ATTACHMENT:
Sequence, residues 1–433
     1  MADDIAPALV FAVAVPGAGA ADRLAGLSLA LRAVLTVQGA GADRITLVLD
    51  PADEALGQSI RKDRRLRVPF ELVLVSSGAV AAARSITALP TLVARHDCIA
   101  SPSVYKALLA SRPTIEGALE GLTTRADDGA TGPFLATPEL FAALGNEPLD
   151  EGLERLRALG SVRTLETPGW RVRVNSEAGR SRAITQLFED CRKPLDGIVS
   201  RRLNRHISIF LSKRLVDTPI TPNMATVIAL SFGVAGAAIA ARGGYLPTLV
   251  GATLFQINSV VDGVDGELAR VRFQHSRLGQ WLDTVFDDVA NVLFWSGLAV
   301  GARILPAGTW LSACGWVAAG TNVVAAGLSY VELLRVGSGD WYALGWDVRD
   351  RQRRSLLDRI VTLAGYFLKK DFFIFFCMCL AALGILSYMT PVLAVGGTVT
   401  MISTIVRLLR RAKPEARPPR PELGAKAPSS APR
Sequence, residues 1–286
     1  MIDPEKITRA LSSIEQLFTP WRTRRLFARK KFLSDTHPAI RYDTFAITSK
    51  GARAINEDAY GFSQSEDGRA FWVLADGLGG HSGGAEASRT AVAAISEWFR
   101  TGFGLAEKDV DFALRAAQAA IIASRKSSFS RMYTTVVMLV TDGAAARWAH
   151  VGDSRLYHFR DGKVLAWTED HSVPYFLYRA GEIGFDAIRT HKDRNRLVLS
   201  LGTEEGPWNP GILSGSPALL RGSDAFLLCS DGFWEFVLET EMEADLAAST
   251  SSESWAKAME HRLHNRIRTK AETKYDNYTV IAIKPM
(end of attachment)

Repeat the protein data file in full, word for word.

Sequence, residues 1–433
     1  MADDIAPALV FAVAVPGAGA ADRLAGLSLA LRAVLTVQGA GADRITLVLD
    51  PADEALGQSI RKDRRLRVPF ELVLVSSGAV AAARSITALP TLVARHDCIA
   101  SPSVYKALLA SRPTIEGALE GLTTRADDGA TGPFLATPEL FAALGNEPLD
   151  EGLERLRALG SVRTLETPGW RVRVNSEAGR SRAITQLFED CRKPLDGIVS
   201  RRLNRHISIF LSKRLVDTPI TPNMATVIAL SFGVAGAAIA ARGGYLPTLV
   251  GATLFQINSV VDGVDGELAR VRFQHSRLGQ WLDTVFDDVA NVLFWSGLAV
   301  GARILPAGTW LSACGWVAAG TNVVAAGLSY VELLRVGSGD WYALGWDVRD
   351  RQRRSLLDRI VTLAGYFLKK DFFIFFCMCL AALGILSYMT PVLAVGGTVT
   401  MISTIVRLLR RAKPEARPPR PELGAKAPSS APR
Sequence, residues 1–286
     1  MIDPEKITRA LSSIEQLFTP WRTRRLFARK KFLSDTHPAI RYDTFAITSK
    51  GARAINEDAY GFSQSEDGRA FWVLADGLGG HSGGAEASRT AVAAISEWFR
   101  TGFGLAEKDV DFALRAAQAA IIASRKSSFS RMYTTVVMLV TDGAAARWAH
   151  VGDSRLYHFR DGKVLAWTED HSVPYFLYRA GEIGFDAIRT HKDRNRLVLS
   201  LGTEEGPWNP GILSGSPALL RGSDAFLLCS DGFWEFVLET EMEADLAAST
   251  SSESWAKAME HRLHNRIRTK AETKYDNYTV IAIKPM